Marketers often talk and write about the makeup of a great brand. Chances are, if it’s vibrant and relevant, there’s a visionary behind the brand, and it has a great story to tell. Then, there’s usually a unique culture that buys in completely, living it, breathing it, eating it and sleeping/dreaming it.

Such is the case with Kashi. “Seven Whole Grains on a Mission” was the brainchild of Phil and Gayle Tauber of La Jolla, California back in 1984. Serendipitous decision that: Kashi was born at the right time. The natural foods industry was poised to take off.

No longer were strange-sounding, oddly-packaged and marketed organics and whole foods sold in cramped stores the size of bowling alleys; the whole business was beginning to go mainstream thanks to a rising health-consciousness in the general population.

Kashi cereals were well-accepted and performing so well at retail, it didn’t take long for major supermarket chains to cut a few SKUs into their sets. Then the inevitable: in 2000, the company became part of behemoth Kellogg’s. That could have been a bad thing, but Kellogg’s wisely decided not to tinker with the Kashi brand.

Meaning: while Kellogg’s considerable marketing budget for the Kashi brand, which formerly operated on a shoestring, has translated into significant investments in advertising and promotion, the unique culture and mission that make Kashi Kashi have been left untouched. Good thing, too.

The Kashi story is nicely summarized in a recent Brandchannel article. What makes it compelling are the insights into the company’s unique culture. The company’s claim: “Many of us at Kashi don’t know where Kashi ends and we begin. To us, Kashi is more than products in packages—it’s a way of life.”

We could argue that’s the story behind every successful brand: a passion on the inside that’s infectious; that customers buy into. But for a brand like Kashi, the passion runs deeper because of the company’s mission. As the article states: “...the company is quite serious about making a positive impact on the world.” The mission: educating consumers so they are empowered to make the most nutritious food choices for themselves.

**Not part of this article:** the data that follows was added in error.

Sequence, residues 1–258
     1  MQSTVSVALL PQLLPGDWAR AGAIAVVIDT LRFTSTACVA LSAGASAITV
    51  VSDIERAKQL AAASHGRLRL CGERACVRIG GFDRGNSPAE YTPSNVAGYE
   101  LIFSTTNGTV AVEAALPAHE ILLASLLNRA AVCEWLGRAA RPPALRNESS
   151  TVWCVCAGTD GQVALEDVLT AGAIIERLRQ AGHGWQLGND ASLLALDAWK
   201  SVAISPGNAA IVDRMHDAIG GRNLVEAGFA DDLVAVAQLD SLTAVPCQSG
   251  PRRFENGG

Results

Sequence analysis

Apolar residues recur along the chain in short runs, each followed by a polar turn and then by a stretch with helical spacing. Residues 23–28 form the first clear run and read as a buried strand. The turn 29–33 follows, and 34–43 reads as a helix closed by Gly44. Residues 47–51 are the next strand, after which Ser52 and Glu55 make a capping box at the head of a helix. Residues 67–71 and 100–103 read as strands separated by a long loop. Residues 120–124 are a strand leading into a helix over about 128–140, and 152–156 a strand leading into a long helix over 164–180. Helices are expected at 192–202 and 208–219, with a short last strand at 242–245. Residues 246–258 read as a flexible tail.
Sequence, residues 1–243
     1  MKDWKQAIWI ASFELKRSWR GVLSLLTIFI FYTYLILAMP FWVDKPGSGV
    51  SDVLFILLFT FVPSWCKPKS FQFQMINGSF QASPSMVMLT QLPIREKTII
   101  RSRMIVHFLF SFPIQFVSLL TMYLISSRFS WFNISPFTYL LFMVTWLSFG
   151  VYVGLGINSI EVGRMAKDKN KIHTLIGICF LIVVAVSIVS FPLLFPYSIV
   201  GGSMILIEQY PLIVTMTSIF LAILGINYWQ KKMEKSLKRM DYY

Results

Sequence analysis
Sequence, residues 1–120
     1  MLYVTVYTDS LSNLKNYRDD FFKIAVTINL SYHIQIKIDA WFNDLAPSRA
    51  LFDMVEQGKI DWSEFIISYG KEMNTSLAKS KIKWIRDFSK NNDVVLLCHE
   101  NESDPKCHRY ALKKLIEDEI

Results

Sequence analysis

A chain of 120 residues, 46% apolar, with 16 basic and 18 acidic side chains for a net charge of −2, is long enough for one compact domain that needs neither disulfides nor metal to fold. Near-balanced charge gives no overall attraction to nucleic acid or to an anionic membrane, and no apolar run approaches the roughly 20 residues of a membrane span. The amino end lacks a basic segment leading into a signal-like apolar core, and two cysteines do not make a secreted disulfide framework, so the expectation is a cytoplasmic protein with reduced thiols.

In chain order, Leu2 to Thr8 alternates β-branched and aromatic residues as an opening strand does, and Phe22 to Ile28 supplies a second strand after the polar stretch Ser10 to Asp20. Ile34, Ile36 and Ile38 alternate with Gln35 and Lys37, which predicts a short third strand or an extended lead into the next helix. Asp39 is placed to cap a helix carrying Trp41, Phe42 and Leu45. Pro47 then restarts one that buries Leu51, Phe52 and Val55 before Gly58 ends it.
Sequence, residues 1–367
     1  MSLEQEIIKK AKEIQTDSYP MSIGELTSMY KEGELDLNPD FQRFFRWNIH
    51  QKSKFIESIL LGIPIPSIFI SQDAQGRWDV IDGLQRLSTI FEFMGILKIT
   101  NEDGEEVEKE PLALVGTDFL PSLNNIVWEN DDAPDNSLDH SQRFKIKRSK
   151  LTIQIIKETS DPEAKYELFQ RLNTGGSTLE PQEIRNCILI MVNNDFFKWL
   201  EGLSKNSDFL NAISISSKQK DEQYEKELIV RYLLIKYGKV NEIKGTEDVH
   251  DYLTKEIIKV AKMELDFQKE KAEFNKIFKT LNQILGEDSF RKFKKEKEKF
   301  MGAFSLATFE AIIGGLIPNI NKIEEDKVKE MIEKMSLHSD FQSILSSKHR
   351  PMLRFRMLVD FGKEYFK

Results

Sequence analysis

Kashi is not only about making and marketing great food. BTW: leveraging its success in hot/cold cereal into multiple categories has paid off handsomely. Snack bars, crackers, cookies, frozen food entrees, pizza, pita pocket sandwiches, waffles have been launched with the same scrupulous attention to quality, nutritional content and flavor: hallmarks of the brand.

But, Kashi is also about a serious commitment to educating consumers about nutrition and fitness, offering cooking demos, sampling, hands-on yoga trainings. In 2007, a “Kashi Snack Drive” targeting four U.S. cities, allowed consumers to trade in unhealthy snacks for Kashi snacks. Online cooking videos with vegetarian cooking pro and cookbook author Mollie Katzen show consumers how to cook with natural ingredients.

Other than Ms. Katzen’s contribution to advancing the Kashi mission, the company’s marketing really centers on Kashi’s own employees. Ads feature employees discussing various aspects of their Kashiness: what it means to live Kashi. Love the concept.

So why the Kashi story? True, I’m personally prejudiced. When it comes to Kashi cereal, I love the stuff. Yet, purely from a marketing perspective, there’s a lot to consider here. The Kashi story just goes to show entrepreneurs and small company owners what they can do, one step at a time, if their convictions, passion and vision are infectious from the inside out: to employees and customers alike. For many companies vibrant brands are a dream. For companies like Kashi, they’re a reality.



  • Do you think culturally-driven, consumer-centric brands can be replicated that are still unique to each company?

  • Do you think it hard for companies in most categories to create the kind of energy a Kashi-like brand can? After all, their products are pegged to a growth industry: natural/organic.

  • What matters most in the creation of vibrant consumer product brands: a strong POV (mission) and culture, consumer outreach or innovation? Does one trump the others? Are they all equally important?

I’d love to hear from you.

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image of Ted Mininni

Ted Mininni is president and creative director of Design Force, a leading brand-design consultancy.

LinkedIn: Ted Mininni